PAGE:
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Cayuga County, New York
"Pax et Labor"
meaning in Latin, Peace and Work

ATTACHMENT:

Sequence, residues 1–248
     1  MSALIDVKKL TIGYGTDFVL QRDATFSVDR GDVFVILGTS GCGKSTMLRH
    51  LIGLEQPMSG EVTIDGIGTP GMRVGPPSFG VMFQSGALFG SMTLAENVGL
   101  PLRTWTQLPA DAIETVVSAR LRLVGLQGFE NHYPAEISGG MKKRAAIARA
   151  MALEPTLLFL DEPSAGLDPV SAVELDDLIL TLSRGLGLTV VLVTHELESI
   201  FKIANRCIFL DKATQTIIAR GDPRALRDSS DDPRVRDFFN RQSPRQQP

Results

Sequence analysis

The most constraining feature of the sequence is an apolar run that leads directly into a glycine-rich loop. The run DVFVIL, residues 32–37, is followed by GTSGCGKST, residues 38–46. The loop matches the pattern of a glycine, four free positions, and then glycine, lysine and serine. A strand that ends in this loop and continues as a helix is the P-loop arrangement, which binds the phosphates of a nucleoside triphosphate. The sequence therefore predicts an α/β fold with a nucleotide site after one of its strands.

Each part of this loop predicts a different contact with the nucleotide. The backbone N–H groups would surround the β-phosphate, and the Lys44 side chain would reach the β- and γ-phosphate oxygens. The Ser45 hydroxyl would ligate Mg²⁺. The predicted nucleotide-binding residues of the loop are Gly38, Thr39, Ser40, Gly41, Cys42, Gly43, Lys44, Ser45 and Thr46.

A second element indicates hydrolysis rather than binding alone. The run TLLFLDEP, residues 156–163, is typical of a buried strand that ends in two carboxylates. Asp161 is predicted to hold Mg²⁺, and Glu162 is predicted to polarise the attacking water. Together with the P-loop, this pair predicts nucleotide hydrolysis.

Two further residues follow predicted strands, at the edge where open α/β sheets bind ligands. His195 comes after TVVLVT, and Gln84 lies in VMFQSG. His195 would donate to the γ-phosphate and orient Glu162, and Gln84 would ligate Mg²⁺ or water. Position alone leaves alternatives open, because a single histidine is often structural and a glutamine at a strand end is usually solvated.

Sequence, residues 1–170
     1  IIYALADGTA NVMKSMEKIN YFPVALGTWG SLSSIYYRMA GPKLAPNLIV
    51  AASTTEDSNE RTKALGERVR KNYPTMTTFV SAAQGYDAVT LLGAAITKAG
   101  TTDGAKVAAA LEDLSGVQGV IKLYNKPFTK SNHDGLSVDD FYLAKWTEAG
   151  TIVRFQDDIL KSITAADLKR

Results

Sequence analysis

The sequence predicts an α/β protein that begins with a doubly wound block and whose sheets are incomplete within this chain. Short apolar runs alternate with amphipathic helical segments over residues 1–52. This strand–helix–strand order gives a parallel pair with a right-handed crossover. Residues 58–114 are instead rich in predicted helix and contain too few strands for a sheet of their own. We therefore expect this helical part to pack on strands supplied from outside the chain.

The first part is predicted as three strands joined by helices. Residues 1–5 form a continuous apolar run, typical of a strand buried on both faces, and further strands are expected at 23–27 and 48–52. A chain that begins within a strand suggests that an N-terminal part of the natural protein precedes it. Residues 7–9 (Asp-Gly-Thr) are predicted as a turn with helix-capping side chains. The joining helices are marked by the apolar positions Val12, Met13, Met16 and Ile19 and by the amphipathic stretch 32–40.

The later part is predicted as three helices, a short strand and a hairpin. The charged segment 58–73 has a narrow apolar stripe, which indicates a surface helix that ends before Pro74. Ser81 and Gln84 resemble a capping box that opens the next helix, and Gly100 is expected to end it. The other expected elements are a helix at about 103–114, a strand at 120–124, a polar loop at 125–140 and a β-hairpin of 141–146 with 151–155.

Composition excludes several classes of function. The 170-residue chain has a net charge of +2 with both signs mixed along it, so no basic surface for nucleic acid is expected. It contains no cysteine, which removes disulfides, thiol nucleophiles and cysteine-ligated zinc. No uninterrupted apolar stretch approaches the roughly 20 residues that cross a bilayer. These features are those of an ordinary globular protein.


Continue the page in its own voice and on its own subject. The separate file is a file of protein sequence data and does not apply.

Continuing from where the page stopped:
Auburn was first settled in 1793 by John L. Hardenbergh, his infant daughter and two slaves, Harry and Kate Freeman. His settlement along the banks of the Owasco River was known originally as "Hardenbergh's Corners." A state prison provided cheap labor for numerous local industries. Auburn Theological Seminary, founded in 1818, also played an important role in shaping the character of the village, which adopted the name Auburn about 1806. Auburn was chartered as a village in 1815 and as a city in 1848. Its prominent citizens include Enos T. Throop, an early governor of New York State; William H. Seward, a governor of New York State and secretary of state in the administration of Presidents Lincoln and Johnson; Abner Doubleday, a Civil War figure, for whom the Auburn Doubledays baseball team is named; United States Senator Roscoe Conkling; Harriet Tubman; Samuel Blatchford, a justice of the United States Supreme Court; Allen Welch Dulles, first civilian director of the Central Intelligence Agency; John Foster Dulles, Secretary of State in the Eisenhower administration; Cardinal Avery Dulles, S.J., who was born in Auburn in 1918; author Samuel Hopkins Adams; Theodore W. Case, inventor of sound-on-film technology; Tony-award winning choreographer Thommie Walsh; and Marijane Meaker, who writes award-winning fiction for young adults under the pseudonym M.E. Kerr. The homes of Tubman, Seward and Case are museums of which the city is very proud. Auburn State Prison was the site of the first execution by electrocution (1890), and the assassin of President William McKinley died in the electric chair at Auburn.
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